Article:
The Parting Glass: Poems
by Lisa J. Parker
ISBN: 978-1-956440-16-4 paperback $19.95
ISBN: 978-1-956440-17-1 ebook $9.99
Winner of the first annual Arthur Smith Poetry Prize
judged by Jesse Graves.
The Parting Glass, like the old Irish song, is a toast to the places and people who make up the author’s roots and base. However Appalachian at its root, it tells a universal story about what grounds and keeps us, even as we move in cities and circles far from home. At its core, this book brings the thread of downhome with its voices and song, to the cities and cultures the author moves through. The poems raise a glass to those still at the table and to those already gone, to homecomings and deployments, to the navigation of love and grief.
What People are saying a about The Parting Glass:
As haunting as the Irish ballad for which it is named, The Parting Glass is a book of searing elegies and unforgettable odes to moments of joy shared in tranquil places. Whole worlds emerge and collide in these poems, experiences as rich as the black bread offered by the Ukrainian neighbor to the “Hillbilly Transplant” in New York City. Many of us from Appalachia will relate to her fish-out-of-water adventures and heartbreaks, missing family back home but also feeling the electric thrill of subway rides and all-night restaurants. Lisa J. Parker has created a deep and nuanced book that would have made the late Arthur Smith proud, and I cannot imagine a more worthy first entry for the poetry award named in his honor. I have felt tears welling in the corners of my eyes more than once when I come to the lines, “the surreality of that meager box / with its pewter top, your name punched into it.” The Parting Glass offers enormous heart and soul in the face of unbearable grief, survivable only through a sense of belonging to a place and its people and by committing to words those memories that affirm what we have lost. —Jesse Graves, author of Merciful Days and Said-Songs: Essays on Poetry and Place
Lisa Parker possesses the perceptive eye of a photographer and the truth-telling, visionary voice of poet. From the orange trumpet vines and sycamore trees of northern Virginia to the “crushed velvet walls” of the Metropolitan Opera, each precise, wondrous image in The Parting Glass transports the reader. As Parker shows us how to look at these beautiful, sometimes broken, sometimes aching landscapes, she tells an important story about the places we call home, the terrible weight of grief, and love—always love. —Carter Sickels, author of The Prettiest Star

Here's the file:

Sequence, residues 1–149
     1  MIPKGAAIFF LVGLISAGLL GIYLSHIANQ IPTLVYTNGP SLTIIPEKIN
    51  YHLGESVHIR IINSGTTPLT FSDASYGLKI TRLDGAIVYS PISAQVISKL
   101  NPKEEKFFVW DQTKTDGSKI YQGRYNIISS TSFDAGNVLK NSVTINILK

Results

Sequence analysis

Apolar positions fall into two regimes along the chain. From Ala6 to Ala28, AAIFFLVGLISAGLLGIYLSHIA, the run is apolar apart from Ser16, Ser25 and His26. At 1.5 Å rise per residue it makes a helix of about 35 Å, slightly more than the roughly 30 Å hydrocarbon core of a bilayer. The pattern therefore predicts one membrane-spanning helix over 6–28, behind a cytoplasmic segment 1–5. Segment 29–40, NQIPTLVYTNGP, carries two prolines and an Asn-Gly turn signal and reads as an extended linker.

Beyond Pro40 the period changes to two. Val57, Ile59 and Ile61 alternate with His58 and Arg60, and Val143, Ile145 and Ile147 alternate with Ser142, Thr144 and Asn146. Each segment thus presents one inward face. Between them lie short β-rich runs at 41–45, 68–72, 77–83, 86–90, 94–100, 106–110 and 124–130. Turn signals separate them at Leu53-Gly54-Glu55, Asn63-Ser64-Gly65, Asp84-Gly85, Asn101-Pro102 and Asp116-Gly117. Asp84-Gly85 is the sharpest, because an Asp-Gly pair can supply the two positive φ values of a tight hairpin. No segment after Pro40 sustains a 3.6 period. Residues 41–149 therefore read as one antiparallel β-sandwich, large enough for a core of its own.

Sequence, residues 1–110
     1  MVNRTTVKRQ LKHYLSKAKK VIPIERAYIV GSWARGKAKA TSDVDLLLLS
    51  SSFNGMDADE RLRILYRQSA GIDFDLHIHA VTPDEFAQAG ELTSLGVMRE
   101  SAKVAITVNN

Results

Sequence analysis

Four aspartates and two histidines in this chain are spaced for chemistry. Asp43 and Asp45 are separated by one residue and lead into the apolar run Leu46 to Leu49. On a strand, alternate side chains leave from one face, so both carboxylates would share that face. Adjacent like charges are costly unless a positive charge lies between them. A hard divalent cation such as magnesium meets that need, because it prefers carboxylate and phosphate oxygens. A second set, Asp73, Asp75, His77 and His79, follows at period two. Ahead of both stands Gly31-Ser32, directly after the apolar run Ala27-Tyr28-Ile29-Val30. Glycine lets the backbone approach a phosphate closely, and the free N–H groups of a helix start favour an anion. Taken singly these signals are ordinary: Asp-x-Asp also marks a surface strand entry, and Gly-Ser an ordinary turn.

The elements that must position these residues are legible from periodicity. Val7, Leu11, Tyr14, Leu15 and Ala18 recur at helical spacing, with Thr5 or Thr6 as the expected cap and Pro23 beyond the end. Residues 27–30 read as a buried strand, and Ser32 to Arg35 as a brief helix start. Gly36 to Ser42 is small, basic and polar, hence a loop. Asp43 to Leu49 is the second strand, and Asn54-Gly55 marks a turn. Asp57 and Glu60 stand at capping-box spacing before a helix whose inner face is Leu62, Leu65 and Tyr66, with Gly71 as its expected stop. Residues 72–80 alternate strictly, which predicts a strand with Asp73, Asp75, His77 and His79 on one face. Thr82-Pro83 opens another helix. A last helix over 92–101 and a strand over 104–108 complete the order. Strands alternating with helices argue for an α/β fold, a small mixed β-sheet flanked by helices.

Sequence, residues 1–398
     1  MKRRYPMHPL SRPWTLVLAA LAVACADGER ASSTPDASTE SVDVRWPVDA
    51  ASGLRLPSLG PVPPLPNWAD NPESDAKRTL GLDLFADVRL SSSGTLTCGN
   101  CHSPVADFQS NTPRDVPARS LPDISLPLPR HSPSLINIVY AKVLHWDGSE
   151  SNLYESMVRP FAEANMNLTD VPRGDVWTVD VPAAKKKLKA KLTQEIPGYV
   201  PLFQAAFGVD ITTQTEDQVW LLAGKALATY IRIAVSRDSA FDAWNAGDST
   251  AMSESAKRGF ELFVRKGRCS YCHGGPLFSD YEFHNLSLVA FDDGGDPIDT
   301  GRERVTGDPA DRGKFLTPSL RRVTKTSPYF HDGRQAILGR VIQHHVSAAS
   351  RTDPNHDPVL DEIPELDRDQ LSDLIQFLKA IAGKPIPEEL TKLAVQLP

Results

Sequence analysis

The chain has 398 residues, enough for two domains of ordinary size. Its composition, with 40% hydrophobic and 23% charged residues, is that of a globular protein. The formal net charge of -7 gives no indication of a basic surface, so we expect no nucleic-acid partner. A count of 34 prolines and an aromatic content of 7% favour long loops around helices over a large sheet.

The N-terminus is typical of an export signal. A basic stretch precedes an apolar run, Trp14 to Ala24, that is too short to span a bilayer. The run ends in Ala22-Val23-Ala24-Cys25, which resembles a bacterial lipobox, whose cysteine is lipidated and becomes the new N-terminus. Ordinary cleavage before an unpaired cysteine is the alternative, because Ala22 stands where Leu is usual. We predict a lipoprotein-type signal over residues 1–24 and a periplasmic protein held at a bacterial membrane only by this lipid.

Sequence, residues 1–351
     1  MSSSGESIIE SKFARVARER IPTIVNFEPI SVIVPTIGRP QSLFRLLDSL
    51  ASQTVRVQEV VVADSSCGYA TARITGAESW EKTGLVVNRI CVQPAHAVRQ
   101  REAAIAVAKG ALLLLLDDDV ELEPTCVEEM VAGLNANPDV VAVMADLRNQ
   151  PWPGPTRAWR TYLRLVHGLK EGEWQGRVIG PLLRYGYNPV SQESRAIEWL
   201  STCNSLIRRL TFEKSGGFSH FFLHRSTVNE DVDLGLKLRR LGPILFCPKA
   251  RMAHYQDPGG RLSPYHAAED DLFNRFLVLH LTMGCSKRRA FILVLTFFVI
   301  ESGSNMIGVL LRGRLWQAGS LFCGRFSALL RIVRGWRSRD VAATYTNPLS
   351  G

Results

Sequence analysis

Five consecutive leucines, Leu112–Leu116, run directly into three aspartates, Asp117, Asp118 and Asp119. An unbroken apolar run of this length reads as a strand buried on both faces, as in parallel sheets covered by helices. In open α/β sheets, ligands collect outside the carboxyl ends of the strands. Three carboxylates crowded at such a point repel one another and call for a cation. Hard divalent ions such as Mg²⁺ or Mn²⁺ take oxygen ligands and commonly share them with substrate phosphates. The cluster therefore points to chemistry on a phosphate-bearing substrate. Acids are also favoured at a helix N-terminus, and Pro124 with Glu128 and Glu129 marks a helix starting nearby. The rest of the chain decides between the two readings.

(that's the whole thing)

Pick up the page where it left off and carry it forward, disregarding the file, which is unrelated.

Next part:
These are poems of loss, displacement, and deep grief, yet they are shot through with light, in particular the illumination that comes with beautiful writing. There is not one wasted word in this moving, intelligent, and timely collection of poems that stand perfectly on their own yet sing even louder as an entire gathering. The Parting Glass is a marvel of a book. —Silas House, NY Times bestselling author of Lark Ascending
Lisa J. Parker’s second book of poetry reads like a personal diary written in controlled, soaring language that leaves an impact for all its emotional clear-sightedness. Read the full review. —Claire Fullerton, for The New York Journal of Books
Lisa Parker is a native Virginian, a poet, musician, and photographer. Her first book, This Gone Place, won the 2010 ASA Weatherford Award and her work is widelypublished in literary journals and anthologies. Her photography has been on exhibit in NYC and published in several arts journals and anthologies. She has worked in the Department of Defense for nearly twenty years, worked as a first responder for 15 years, and currently serves as a crisis and disaster response volunteer with Team Rubicon. Some of her work may be found at www.wheatpark.com.
When we heard from the judges who had won the first Arthur Smith Poetry Prize we offered in 2021 there was a collective “ahhhh Lisa J. Parker!” And all around nodding of heads. She’s well respected among her peers, and rightly so. She faced some tough competition for that prize, too! AND that’s a photo she took on the cover… (artists seem to exell in more than one area around here!)